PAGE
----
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      Mycophenolate in Refractory and Relapsing Lupus Nephritis

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          Abstract

          Background: Mycophenolate (MF) is effective as induction and maintenance treatment in patients with lupus nephritis (LN). This study evaluates the efficacy and safety of MF in patients with refractory and relapsing LN. Methods: Data were retrospectively obtained for 85 patients (35 refractory and 50 relapsing) from 11 nephrology departments in Spain. The primary endpoints were the incidence and cumulative number of renal responses and relapses and their relationship with baseline clinical and analytical data. The secondary endpoint was the appearance of side effects. Results: The main clinical and analytical variables were similar both in refractory and relapsing LN. Most of the patients had received cyclophosphamide, and all of them switched to MF. 74 patients (87%) achieved a response (69% partial, 31% complete). Age at starting MF, gender, pathological classification, body mass index, blood pressure, baseline renal function, and proteinuria were not associated with achieving response. After stopping MF, 3 of 19 patients (15.7%) relapsed, all at 6 months of follow-up. No differences were found between clinical and analytical variables and number of relapses. Side effects were unremarkable, except for 1 patient, who died of thrombocytopenia and ovarian hemorrhage. Conclusions: Switching to MF from other immunosuppressive treatments is effective and safe in refractory and relapsing LN.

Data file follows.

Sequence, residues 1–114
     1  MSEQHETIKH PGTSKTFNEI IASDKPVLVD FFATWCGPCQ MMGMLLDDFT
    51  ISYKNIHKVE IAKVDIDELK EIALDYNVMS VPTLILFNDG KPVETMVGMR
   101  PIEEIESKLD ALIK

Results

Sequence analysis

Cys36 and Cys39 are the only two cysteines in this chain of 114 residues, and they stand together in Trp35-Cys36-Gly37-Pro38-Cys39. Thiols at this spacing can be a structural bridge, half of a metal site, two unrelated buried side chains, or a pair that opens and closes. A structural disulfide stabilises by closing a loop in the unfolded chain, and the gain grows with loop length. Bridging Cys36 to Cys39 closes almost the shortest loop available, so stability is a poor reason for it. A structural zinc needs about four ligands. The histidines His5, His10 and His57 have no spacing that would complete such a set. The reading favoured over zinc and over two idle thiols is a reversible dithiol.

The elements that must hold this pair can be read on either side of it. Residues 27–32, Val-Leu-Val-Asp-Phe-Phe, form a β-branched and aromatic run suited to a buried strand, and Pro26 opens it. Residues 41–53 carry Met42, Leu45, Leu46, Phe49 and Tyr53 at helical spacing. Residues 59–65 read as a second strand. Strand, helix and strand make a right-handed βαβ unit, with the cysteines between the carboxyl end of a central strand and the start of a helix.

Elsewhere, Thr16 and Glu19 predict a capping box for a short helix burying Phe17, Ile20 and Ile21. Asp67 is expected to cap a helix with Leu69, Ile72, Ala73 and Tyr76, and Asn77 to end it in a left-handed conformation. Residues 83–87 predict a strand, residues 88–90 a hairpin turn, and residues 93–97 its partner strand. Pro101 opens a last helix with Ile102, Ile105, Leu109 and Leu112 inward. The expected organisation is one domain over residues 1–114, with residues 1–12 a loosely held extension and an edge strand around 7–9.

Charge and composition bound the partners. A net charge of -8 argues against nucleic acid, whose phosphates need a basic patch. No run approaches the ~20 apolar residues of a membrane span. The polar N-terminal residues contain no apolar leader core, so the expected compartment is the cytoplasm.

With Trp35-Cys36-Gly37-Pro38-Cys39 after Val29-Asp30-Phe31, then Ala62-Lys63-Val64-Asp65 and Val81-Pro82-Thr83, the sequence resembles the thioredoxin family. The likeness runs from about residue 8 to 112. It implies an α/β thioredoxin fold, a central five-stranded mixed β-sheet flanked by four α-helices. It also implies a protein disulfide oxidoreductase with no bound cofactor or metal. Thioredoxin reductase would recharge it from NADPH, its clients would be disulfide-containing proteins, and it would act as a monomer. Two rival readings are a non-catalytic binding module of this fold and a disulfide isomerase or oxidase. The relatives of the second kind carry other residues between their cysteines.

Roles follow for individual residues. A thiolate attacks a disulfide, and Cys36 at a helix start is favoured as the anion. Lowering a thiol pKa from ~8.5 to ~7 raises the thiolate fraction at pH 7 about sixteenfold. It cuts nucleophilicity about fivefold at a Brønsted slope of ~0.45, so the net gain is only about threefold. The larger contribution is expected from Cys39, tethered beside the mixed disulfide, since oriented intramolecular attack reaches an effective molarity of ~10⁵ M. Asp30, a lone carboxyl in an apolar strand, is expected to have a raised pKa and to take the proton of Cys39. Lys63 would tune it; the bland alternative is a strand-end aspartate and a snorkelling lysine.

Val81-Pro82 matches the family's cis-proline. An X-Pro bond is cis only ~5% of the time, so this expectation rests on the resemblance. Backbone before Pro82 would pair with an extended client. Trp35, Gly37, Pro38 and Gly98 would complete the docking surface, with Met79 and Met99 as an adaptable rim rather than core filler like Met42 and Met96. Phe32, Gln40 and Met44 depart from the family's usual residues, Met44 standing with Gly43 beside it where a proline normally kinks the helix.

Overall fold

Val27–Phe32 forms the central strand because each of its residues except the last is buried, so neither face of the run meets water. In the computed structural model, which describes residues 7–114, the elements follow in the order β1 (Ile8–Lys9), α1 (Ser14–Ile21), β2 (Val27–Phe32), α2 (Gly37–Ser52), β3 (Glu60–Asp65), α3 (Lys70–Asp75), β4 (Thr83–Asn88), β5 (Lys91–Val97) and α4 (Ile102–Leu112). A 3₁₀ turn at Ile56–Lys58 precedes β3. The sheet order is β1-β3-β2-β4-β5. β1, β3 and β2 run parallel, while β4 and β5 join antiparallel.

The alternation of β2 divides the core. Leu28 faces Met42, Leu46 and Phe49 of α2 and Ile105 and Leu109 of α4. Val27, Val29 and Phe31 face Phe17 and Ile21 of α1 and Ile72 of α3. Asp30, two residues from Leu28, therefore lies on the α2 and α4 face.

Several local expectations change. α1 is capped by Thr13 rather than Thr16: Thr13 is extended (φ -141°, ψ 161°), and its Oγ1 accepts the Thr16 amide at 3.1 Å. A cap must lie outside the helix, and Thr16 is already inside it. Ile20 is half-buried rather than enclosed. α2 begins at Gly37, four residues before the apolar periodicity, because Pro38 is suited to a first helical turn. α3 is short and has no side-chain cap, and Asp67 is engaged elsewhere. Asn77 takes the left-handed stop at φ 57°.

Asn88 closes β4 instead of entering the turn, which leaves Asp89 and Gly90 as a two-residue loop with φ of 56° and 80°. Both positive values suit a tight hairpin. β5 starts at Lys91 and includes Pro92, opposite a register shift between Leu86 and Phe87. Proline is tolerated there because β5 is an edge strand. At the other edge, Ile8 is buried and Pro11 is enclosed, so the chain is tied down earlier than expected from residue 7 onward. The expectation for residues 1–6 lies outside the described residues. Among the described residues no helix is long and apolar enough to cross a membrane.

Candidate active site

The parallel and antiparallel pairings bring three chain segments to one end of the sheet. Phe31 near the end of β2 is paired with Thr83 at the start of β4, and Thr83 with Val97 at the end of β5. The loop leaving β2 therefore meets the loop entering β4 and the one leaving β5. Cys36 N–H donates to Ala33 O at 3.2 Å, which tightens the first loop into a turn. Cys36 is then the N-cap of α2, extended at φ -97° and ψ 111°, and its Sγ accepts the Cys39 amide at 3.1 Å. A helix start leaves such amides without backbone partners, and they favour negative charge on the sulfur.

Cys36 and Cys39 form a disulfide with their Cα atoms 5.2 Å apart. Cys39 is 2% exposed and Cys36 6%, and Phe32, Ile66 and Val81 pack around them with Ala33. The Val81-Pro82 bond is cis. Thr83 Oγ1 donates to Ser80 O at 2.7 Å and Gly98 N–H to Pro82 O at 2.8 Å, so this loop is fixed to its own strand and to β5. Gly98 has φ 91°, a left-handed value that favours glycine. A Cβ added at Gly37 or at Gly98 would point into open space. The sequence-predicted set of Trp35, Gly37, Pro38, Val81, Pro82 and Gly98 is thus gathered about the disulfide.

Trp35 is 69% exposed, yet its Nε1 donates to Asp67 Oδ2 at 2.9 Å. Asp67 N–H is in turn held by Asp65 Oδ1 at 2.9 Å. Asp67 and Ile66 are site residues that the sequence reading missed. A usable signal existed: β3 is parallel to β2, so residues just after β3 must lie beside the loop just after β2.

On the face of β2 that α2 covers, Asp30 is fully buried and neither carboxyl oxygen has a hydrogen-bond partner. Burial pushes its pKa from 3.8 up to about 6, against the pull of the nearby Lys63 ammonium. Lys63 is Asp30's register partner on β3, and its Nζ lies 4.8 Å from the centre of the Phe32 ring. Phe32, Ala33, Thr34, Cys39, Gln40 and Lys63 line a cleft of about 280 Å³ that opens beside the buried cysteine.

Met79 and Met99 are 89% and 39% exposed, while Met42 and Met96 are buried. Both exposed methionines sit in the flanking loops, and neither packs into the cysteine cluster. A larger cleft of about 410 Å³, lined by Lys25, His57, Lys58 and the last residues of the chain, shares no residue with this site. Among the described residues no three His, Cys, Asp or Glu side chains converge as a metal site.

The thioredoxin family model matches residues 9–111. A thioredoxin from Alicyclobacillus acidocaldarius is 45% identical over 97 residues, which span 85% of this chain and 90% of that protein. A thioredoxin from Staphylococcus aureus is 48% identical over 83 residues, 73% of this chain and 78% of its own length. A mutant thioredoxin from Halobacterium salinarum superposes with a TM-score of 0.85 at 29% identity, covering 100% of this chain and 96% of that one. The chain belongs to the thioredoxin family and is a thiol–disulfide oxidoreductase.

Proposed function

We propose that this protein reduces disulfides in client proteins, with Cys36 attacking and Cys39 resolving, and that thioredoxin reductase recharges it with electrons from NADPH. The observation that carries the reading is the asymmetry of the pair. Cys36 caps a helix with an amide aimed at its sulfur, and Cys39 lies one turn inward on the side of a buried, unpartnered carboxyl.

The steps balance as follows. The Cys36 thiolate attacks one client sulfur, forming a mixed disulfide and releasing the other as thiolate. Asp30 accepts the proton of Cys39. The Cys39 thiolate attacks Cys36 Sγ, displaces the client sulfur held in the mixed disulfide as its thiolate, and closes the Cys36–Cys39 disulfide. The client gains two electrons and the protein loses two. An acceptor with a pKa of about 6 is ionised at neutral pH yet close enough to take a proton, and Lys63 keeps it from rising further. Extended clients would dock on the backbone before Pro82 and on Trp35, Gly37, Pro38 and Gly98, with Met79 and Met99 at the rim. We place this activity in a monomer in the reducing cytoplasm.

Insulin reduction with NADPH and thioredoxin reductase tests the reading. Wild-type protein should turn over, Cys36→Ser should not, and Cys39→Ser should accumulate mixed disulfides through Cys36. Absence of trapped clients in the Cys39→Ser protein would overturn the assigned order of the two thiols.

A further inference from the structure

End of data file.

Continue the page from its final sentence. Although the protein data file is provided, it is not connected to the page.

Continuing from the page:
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          Most cited references 23

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          Induction and maintenance treatment of proliferative lupus nephritis: a meta-analysis of randomized controlled trials.

          Lupus nephritis accounts for ~1% of patients starting dialysis therapy. Treatment regimens combining cyclophosphamide with steroids preserve kidney function but have significant side effects. Newer immunosuppressive agents may have improved toxicity profiles.
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            Successful mycophenolate mofetil treatment of glomerular disease.